It seems nearly everyone in this digital world is spending a lot of time in front of a computer, which can strain the eyes. Anyone who uses a computer for prolonged periods is at risk for headaches, burning eyes, red eyes, a stiff neck and other symptoms that comprise computer vision syndrome (CVS). Prolonged computer work also can cause physical stress that eventually could lead to a disability. Focusing your eyes on objects at the same distance and angle for prolonged periods of time can contribute to eye strain.
In the short run, eye strain eventually goes away… but it can certainly be annoying. In some cases; however, eyestrain is an early sign of an underlying eye condition that may require a doctor visit. Depending on the amount of time you work at a keyboard, the kind of vision correction needed, your eye specialist may recommend bifocals, trifocals or even a separate pair of glasses for computer work.
Here are some prevention actions to help ease eye strain:
- Take frequent eye breaks. Every few minutes, look away from your computer screen. Focus your eyes on something else in your office, whether it be a wall or clock. Try to stand up and move around at least every 30-45 minutes throughout your workday. Massaging your eyes will also give you some relief.
- Blink often to refresh your eyes. If you are in front of a computer screen for a long time, you may not be blinking enough to give your eyes some rest. This can result in dry eyes. Blinking produces tears that can help moisten and lubricate your eyes. In dry environments, such as an air conditioned office, you might want to try over-the-counter eye drops.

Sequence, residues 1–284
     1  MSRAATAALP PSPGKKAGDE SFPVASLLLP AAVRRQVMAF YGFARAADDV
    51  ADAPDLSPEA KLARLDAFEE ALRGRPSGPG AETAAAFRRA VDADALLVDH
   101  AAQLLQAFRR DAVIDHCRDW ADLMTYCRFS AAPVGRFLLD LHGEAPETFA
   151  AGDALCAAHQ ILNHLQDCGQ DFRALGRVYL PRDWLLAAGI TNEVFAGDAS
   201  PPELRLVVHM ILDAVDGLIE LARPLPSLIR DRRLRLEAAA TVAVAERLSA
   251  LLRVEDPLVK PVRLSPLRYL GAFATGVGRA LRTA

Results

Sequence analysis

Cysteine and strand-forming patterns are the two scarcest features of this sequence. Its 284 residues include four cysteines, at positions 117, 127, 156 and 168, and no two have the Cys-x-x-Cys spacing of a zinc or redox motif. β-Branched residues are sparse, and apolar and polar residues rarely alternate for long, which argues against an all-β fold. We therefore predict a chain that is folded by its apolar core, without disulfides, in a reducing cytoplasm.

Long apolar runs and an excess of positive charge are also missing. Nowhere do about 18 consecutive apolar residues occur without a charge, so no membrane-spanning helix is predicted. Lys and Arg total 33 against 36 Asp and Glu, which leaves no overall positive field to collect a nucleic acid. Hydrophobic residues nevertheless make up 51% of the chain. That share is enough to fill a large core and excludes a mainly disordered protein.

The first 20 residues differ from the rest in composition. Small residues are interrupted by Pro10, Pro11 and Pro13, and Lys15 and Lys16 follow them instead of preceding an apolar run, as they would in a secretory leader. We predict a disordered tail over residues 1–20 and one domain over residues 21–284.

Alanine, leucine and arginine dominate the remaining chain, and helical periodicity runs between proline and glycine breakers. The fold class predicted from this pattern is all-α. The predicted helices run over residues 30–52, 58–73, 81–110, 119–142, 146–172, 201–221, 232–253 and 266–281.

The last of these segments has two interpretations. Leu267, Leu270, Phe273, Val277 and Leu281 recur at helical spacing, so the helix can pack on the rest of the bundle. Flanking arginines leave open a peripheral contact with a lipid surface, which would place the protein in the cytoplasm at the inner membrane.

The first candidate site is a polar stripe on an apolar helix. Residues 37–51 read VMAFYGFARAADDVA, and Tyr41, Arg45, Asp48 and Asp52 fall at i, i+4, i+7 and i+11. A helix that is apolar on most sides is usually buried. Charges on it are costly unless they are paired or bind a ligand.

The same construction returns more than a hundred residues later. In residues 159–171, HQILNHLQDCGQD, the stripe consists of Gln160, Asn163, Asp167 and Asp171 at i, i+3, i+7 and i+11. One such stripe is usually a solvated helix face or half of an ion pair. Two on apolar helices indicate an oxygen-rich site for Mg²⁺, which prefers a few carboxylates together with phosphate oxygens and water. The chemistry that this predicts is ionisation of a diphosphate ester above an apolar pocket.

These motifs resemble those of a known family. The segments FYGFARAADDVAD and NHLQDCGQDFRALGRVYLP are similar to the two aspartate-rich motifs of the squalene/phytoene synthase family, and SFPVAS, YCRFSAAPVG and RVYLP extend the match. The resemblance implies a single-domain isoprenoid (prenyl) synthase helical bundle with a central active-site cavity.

- Get appropriate eye wear. If you wear glasses or contacts, make sure your prescription is current and are appropriate for you. Make sure you see your eye doctor for an exam every two years if you are under the age of 40. If you are older than 40, you should see your eye doctor every year.
Other examples of work-related risk factors that contribute to eye discomfort are:
- maintaining a fixed and close visual distance for a long time
- glare from the unshaded or un-diffused lighting fixtures
- poor lighting, involving unchanged (and unchangeable) levels of illumination
- unsuitable workstations (dimensions and arrangement)
- low ambient humidity
- uncorrected vision problems
- lack of color variety in your surroundings